Ed Driscoll


Good post by Jonah Goldberg in National Review Online’s Corner Weblog:

Even if there are no conditions on the inspectors (assuming there are inspectors) it’s important to recognize how difficult these missions are. For example, I was listening to a congressional hearing with a panel of former UN Chief Inspectors on C-Span radio the other day (again, yes, because I am that cool). I don’t know which one told this story, but it was pretty illuminating. Apparently, during one of the previous hunt and peck searches in Iraq, the inspectors received intelligence from a very reliable and high-ranking source that there was a huge secret stockpile of nasty weapons under the central Baghdad cemetary. Fortunately, the inspectors checked out the story and it turned out to have been a ruse set up by the Iraqi government. Saddam’s people wanted the UN to bulldoze the cemetary, desecrating Muslim graves and the like just so the Iraqis could denounce the action for propaganda purposes.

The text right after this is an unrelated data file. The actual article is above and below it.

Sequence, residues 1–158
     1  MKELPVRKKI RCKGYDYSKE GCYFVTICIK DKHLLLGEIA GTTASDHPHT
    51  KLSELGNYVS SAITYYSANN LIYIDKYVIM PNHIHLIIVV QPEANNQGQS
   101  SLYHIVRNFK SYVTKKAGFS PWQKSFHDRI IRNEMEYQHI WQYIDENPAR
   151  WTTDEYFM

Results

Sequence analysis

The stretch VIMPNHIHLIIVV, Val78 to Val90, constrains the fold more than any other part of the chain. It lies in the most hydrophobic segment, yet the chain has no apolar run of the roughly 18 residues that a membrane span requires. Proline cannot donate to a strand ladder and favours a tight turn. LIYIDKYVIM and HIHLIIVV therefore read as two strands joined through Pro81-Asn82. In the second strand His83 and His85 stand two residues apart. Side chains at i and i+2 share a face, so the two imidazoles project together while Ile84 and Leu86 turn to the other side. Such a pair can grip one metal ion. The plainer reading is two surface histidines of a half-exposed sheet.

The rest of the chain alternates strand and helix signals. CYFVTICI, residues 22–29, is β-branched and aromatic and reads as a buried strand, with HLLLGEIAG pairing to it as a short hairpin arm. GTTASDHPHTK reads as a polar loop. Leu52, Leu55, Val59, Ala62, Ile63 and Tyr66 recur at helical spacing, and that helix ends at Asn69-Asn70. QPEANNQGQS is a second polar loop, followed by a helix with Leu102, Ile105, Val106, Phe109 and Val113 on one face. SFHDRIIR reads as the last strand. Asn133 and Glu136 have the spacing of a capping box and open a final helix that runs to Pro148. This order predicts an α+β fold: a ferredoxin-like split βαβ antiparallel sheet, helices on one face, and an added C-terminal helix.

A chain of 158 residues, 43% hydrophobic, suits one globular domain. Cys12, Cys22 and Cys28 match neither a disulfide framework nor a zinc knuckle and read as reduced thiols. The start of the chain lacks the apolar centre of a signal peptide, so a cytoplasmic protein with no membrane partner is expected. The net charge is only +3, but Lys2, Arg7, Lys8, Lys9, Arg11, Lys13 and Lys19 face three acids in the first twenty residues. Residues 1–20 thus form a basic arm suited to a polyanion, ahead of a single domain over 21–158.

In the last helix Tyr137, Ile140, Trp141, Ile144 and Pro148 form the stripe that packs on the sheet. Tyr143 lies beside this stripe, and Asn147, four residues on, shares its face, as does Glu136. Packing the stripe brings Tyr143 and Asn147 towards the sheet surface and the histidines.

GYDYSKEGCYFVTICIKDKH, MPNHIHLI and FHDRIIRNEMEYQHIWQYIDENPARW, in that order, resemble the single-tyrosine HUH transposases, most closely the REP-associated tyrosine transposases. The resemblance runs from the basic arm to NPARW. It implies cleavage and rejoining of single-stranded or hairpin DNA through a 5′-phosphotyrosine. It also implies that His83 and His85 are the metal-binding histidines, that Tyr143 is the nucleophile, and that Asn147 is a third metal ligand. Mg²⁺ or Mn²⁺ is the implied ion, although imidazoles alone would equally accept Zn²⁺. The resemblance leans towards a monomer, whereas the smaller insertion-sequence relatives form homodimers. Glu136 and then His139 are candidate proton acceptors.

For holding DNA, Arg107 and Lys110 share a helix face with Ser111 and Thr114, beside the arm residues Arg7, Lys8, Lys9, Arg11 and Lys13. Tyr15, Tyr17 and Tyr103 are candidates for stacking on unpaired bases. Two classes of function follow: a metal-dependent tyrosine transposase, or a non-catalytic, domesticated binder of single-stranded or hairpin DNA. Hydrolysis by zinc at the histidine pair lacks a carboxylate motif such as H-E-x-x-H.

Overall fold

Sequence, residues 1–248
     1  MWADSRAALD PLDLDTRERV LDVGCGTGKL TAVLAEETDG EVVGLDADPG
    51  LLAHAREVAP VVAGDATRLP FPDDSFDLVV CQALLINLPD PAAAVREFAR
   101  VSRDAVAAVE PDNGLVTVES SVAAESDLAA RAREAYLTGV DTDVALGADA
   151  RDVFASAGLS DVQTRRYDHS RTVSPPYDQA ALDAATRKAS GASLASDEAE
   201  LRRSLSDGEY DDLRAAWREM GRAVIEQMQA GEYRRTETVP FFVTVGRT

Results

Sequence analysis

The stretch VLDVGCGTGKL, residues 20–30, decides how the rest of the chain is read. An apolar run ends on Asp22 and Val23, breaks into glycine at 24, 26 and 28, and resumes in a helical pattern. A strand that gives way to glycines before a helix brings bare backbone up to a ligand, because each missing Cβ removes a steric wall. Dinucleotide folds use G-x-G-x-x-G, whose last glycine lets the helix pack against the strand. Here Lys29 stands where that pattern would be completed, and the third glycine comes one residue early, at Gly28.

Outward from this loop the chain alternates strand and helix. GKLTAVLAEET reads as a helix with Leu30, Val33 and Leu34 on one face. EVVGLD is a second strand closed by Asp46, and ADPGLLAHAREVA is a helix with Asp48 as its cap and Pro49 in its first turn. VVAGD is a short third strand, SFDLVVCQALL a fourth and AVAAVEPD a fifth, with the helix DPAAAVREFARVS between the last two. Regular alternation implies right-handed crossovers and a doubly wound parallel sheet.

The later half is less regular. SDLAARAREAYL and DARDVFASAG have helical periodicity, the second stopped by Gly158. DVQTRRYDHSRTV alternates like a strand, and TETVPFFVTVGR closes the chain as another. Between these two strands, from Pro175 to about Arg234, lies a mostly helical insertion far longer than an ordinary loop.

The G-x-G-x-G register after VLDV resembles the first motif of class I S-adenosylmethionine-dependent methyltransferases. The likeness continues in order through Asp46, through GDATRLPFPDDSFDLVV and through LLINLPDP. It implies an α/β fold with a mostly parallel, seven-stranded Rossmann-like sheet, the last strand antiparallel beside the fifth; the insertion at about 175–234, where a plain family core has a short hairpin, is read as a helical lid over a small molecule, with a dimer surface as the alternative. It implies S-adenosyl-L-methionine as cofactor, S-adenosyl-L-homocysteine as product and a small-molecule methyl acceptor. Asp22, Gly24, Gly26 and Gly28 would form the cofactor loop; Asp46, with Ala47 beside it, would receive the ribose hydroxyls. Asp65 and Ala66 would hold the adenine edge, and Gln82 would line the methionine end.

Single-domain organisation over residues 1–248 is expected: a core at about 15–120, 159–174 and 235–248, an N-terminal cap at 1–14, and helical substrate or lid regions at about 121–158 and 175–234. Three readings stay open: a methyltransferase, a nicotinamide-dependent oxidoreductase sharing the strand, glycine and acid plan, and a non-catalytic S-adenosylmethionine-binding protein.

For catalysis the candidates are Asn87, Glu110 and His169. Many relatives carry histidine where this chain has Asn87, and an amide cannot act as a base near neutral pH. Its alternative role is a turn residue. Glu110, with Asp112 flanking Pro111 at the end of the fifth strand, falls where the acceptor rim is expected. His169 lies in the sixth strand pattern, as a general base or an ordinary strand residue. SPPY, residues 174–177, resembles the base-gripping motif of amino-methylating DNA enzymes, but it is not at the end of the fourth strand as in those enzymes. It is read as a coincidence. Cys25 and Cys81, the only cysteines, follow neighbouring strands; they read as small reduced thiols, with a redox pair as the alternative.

Even if we end up sending inspectors to Baghdad “without conditions”, there is every reason to assume that the Iraqis will do everything they can to turn it into a circus. Remember Saddam has foregone 160 billion dollars in oil revenues just because he wanted to keep inspectors out. In other words, he has something to hide and he is willing to incur great costs to keep it hidden — for a reason.